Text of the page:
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Sari Hanafi, a sociology professor at the American University of Beirut, has done an incredibly brave or stupid act (depending on your perspective) co-editing a book with Israeli academics. This is particularly perplexing considering that Hanafi has put his name to the Lebanese Campaign for the boycott of Zionism in solidarity with the Palestinian call for Boycott, Divestment, and Sanctions. This includes boycotting Israeli academics and their institutions, as the statement reads:

Specifically, we ask our colleagues worldwide to support the call by the Palestinian Campaign for the Academic and Cultural Boycott of Israel to comprehensively and consistently boycott and disinvest from all Israeli academic and cultural institutions, and to refrain from participation in any form of academic and cultural cooperation, collaboration or joining projects with Israeli institutions as a contribution to the struggle to end Israel’s occupation, colonization and system of apartheid.

The book is called The Power of Inclusive Exclusion and looks fascinating. The website details that the book is about:

The Power of Inclusive Exclusion analyzes the Israeli occupation as a rationalized system of political rule. With essays by leading Palestinian and Israeli scholars, a comprehensive chronology, photographs, and original documents, this groundbreaking book calls into question prevalent views of the occupation as a skewed form of brutal colonization, a type of Jewish apartheid, or an inevitable response to terrorism…. The Power of Inclusive Exclusion uncovers the structural logic that sustains and reproduces the occupation regime.

I imagine that Hanafi would take the argument that this project does not contribute to the continued occupation.

The Israeli co-editors of the book are Adi Ophir is Professor of Philosophy and Political Theory at the Cohn Institute for the History and Philosophy of Science and Ideas at Tel Aviv University and Michal Givoni is a Postdoctoral Fellow in the Department of Sociology and Anthropology at Tel Aviv University.

The move by Hanafi has caused a quite a stir at the AUB campus and a petition has been created against normalisation of relations.

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I have just returned from a brilliant lecture by Salman Abu Sitta, the Palestinian researcher and writer, entitled “Palestinians:Reversing Ethnic Cleansing”.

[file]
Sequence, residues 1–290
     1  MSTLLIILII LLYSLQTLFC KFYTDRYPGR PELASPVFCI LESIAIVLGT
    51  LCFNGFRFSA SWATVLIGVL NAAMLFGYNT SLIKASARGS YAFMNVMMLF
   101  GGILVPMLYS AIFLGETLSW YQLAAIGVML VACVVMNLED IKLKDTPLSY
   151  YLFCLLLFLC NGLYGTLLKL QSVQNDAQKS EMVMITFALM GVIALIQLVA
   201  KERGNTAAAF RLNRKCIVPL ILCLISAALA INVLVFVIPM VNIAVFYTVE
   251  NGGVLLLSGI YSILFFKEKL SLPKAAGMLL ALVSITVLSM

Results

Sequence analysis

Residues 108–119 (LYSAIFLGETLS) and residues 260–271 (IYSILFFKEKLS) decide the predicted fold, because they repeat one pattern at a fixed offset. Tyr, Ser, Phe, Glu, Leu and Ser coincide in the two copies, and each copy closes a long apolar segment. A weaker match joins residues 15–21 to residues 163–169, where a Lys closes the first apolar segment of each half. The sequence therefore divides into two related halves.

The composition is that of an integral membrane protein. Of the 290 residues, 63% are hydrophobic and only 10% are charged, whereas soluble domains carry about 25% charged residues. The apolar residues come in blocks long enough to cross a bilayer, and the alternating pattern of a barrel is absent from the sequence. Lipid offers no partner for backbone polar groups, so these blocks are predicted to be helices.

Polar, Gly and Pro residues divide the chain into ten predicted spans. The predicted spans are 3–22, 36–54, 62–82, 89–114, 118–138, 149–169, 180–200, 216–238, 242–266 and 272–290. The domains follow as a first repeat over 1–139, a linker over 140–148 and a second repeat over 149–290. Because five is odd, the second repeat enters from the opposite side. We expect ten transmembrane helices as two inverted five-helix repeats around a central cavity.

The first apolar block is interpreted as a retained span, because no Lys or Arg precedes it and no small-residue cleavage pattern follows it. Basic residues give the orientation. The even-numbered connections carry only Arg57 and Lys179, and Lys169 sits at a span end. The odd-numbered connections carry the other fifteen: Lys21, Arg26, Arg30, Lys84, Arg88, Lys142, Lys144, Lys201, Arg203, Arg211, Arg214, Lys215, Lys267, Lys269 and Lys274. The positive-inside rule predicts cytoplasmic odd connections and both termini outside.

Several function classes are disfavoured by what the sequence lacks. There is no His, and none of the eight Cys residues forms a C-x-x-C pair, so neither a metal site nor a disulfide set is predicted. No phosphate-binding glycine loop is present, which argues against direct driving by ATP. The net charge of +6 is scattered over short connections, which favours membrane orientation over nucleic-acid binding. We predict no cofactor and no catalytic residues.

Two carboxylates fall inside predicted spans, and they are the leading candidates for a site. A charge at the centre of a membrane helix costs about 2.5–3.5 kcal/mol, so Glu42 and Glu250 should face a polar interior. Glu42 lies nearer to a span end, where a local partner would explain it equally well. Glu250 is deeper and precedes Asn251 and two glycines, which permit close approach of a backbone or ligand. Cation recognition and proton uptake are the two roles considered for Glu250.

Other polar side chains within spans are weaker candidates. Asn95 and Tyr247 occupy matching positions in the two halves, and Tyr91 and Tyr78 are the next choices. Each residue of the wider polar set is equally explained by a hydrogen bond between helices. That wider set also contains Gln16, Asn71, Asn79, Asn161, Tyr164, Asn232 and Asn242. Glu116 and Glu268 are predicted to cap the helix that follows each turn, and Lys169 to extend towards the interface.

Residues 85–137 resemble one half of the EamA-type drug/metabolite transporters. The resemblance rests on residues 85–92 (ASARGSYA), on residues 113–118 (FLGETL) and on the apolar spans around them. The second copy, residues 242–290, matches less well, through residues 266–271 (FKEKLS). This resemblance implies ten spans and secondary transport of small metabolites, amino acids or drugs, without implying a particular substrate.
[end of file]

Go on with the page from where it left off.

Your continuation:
Sitta’s argument is simple, loud and clear: the right of return is a fundamental right that is not up for negotiation and the return of Palestinians to Palestine is inevitable. Further to this, the right of return is enshrined in international law through UN Resolution 194 that he rejects was a recommendation: “…the UN has affirmed resolution 194 about 135 times, a case unprecedented in UN history.”

Sitta comes out with some devastating facts that we have all heard before but to me at least still causes disbelief. “UNRWA has a budget that allocates $76 per Palestinian refugee per year, while the US in military and aid give a total of $1000 per Israeli per year.”

Sitta produced some wonderful and painstakingly detailed maps and graph (compiled into his book the Atlas of Palestine 1948). He details how now after ejecting the Palestinians from the land 27% of the this so sacred land is made up of military zones. Sitta describes how Gaza that represents 1% of the total surface area of Palestine now roughly contains the same number of people as Palestine as a whole did in 1948. Of course you have heard all this before….

The interesting part of the Sitta’s argument that I have not heard is his take on UN Resolution 194 that calls for the right of return. Sitta focuses on a third element of resolution 194 that he argues is all too often ignored. This is the creation of a mechanism to implement the right of return: the UN Conciliation Committee for Palestine (UNCCP). The UNCCP ceased functioning in 1966 and Sitta calls for the UNCCP to be reactivated for the return and rehabilitation of refugees.

Sitta is a Palestinian that really believes in the international system. Despite being denied the right to return for all these decades he still believes that by shouting and screaming Palestinians will achieve their right of return. He argues that in Europe esepcially attitudes are changing. When challenged by a German lady in the audience who did not believe this to be the case, Sitta replied that Germany is different but in Scandinavia and in Britain (the people but not the government) there has been a remarkable change in opinion. “In the 1960s in Britain I could not even say Palestine now the public are very supportive.” But of course the way British power is used is very different which Sitta stating that Blair always has a “ever ready present of cash” to block the right of return. So for the UK he may have a point that public opinion may have changed but it is no where near enough.

Salman Abu Sitta is a man that feels he can wait this one out…that return is inevitable. I can’t help feel that is wishful thinking in a hopeless situation….the reality is that return is not inevitable and the balance of power as it is and with things getting worse rather than better this long conflict is only going to get longer. But I hope I am wrong. And as I was reading just the other day South African activists never thought the day would come when in 1990 de Klerk announced the release of Mandela. I am sure this can be applied to many other major historical triumphs but….

In relation to this ever going conflict…many analysts over on Qifa Nabki are predicting that 2010 is going to be the year of a new war between Hezbollah and Israel. The environment in Lebanon seems so far from that atmosphere at the moment. And I really really hope that I am right on that one!